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Bridges from the intertwined aerial roots of the rubber tree Ficus elastica are mechanically stable.
Bridges from the intertwined aerial roots of the rubber tree Ficus elastica are mechanically stable.
Image: F. Ludwig
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How traditional Indian building techniques can make modern cities more climate-friendlyLiving bridges

Dense, humid broadleaf forests, monsoon-swollen rivers and deep ravines – in the Indian state of Meghalaya wooden bridges easily decay or are washed away in floodwaters. Bridges made from steel and concrete are pushed to their limits here as well. But bridges made of living tree roots can survive here for centuries. Prof. Ferdinand Ludwig of the Technical University of Munich (TUM) has investigated these special structures and proposes integrating this extraordinary building technique in modern architecture.

Inaccessible valleys and ravines lead from the North East Indian Meghalaya plateau to the wide plains of Bangladesh. In the monsoon months the mountain streams in the forests swell into torrential rivers. In order to cross these rivers, the indigenous Khasi and Jaintia peoples have long built their bridges out of the living aerial roots of the Indian Rubber Tree, Ficus elastica. "Stable bridges like these made of closely intertwined roots can reach more than 50 meters in length and exist for several hundreds of years," says Ferdinand Ludwig, Professor for Green Technologies in Landscape Architecture at TUM.

He analyzed 74 such living bridges together with Thomas Speck, Professor for Botanics at the University of Freiburg. "There has already been a lot of discussion of the Living Root Bridges in the media and in blogs, but there have only been a few scientific investigations up to now”, says Ludwig. “Knowledge about the traditional Khasi building techniques has hardly ever been put down in writing in the past," adds Wilfrid Middleton from the TUM Department of Architecture. The researchers conducted interviews with the bridge builders in order to gain a better understanding of the building process. The researchers took several thousand photographs which they then used to create 3D models, providing insight into the complex root structure. The team also mapped the locations of the bridges for the first time.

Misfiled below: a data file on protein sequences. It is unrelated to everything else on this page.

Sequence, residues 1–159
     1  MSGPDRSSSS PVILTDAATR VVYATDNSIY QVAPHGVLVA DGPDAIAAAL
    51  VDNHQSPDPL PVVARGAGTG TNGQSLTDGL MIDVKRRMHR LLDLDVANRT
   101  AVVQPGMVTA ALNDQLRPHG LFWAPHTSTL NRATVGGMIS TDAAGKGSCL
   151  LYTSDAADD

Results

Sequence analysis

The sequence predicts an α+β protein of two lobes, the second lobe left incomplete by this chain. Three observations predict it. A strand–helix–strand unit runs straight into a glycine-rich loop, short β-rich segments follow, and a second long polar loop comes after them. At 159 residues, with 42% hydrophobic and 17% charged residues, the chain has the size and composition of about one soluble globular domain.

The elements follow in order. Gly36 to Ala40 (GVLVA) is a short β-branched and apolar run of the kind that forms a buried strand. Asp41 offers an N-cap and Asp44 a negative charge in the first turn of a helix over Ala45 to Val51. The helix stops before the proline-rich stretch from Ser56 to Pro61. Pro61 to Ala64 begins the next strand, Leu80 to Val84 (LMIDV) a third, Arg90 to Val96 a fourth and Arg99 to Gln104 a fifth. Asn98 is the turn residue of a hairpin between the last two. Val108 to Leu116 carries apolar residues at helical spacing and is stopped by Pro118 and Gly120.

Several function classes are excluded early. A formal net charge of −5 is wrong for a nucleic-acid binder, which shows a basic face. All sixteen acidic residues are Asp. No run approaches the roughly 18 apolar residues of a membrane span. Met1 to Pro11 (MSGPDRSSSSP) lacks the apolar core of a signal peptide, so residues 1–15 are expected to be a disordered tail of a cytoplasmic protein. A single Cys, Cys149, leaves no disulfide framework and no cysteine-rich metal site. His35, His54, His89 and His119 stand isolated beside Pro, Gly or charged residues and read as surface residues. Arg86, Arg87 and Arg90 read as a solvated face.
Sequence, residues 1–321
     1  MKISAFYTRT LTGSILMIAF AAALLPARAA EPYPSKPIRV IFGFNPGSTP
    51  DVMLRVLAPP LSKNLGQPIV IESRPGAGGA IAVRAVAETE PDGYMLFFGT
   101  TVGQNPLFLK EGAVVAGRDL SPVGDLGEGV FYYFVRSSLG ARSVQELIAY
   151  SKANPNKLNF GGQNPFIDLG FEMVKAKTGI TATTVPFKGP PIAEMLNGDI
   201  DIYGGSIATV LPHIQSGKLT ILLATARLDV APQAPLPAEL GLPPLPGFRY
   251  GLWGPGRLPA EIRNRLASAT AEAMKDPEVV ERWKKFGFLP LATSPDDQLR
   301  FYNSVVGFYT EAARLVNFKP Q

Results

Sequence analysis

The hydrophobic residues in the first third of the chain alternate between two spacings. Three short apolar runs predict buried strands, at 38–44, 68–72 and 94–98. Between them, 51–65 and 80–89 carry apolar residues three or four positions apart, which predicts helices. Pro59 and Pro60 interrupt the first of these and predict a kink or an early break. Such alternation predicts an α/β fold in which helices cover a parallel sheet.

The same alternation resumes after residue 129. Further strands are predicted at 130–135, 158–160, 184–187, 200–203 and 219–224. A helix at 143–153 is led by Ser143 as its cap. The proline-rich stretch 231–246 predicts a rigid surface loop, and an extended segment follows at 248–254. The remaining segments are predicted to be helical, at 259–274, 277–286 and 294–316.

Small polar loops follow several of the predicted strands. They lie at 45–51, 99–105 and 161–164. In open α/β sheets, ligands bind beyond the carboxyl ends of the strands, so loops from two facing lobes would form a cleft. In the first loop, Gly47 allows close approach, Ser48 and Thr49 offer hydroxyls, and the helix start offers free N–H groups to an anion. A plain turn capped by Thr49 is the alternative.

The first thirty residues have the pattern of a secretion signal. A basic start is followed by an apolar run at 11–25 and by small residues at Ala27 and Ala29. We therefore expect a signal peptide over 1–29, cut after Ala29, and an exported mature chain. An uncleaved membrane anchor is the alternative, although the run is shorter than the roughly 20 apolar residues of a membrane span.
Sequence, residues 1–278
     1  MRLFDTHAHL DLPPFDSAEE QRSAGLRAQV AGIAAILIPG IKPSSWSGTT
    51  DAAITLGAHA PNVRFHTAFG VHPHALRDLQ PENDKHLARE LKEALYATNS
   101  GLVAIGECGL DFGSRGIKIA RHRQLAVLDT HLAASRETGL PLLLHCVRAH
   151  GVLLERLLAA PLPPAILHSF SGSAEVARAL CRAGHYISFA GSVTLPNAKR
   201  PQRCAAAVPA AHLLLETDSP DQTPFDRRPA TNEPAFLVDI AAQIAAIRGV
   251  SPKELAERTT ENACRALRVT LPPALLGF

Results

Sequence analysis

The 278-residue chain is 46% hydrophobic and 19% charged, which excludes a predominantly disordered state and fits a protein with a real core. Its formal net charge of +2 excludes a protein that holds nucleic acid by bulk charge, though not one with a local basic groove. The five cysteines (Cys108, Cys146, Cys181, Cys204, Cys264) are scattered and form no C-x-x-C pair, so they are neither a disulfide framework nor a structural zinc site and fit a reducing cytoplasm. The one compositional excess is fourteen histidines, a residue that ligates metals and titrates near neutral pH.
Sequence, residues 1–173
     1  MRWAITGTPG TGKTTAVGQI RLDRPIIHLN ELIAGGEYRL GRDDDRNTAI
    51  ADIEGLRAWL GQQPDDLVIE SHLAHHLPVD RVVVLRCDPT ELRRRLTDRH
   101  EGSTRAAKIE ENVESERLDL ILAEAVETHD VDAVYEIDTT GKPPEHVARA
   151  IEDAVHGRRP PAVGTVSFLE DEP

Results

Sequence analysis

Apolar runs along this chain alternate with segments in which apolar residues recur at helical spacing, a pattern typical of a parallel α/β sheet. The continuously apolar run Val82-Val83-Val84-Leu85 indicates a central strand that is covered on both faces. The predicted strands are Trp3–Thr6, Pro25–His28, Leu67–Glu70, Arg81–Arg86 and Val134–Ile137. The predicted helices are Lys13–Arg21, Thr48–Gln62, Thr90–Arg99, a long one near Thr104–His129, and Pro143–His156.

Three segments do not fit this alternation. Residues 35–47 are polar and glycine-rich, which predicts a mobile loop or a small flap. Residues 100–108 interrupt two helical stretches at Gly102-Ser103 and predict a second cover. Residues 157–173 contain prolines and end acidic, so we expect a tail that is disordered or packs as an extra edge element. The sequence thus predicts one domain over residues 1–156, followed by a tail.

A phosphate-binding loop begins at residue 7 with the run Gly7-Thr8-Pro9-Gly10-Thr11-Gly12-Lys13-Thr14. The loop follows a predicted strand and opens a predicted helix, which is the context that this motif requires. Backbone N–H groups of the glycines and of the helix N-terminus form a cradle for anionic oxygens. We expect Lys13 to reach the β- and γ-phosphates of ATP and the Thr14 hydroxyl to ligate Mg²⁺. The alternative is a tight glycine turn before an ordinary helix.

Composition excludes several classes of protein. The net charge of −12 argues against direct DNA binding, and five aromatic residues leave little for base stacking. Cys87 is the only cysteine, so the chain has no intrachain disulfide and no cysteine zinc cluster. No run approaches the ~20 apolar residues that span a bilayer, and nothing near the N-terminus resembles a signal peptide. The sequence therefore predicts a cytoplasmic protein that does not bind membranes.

A bridge that builds itself

"The building process usually begins with a planting: a person planning a bridge plants a Ficus elastica seedling on the bank of a river or the edge of a ravine. At a particular point during the plant's growth it develops aerial roots," says Speck. The aerial roots are then wound onto a framework of bamboo or palm stems and directed horizontally over the river. Once the roots have grown as far as the opposite bank, they are implanted. They develop smaller daughter roots which are directed to the bank as well where they are implanted. Due to constant plant growth and the application of various winding techniques the roots of the Ficus elastica form highly complex structures which create stable, safe bridges. Newly growing roots are integrated in the existing structure again and again.

The properties of the Ficus elastica play an important role: "The roots react to mechanical loads with secondary root growth. In addition, the aerial roots are capable of forming inosculations: Possible injuries result in what are called inosculation and callus formation, a process also familiar from wound healing of trees. Thus for example two roots which are pressed together can grow together and inosculate," says Speck. The bridges are made and maintained by individuals, families or by communities that include several villages which use the bridge. "Living bridges can thus be considered both a man-made technology and a very specific type of plant cultivation," says Speck.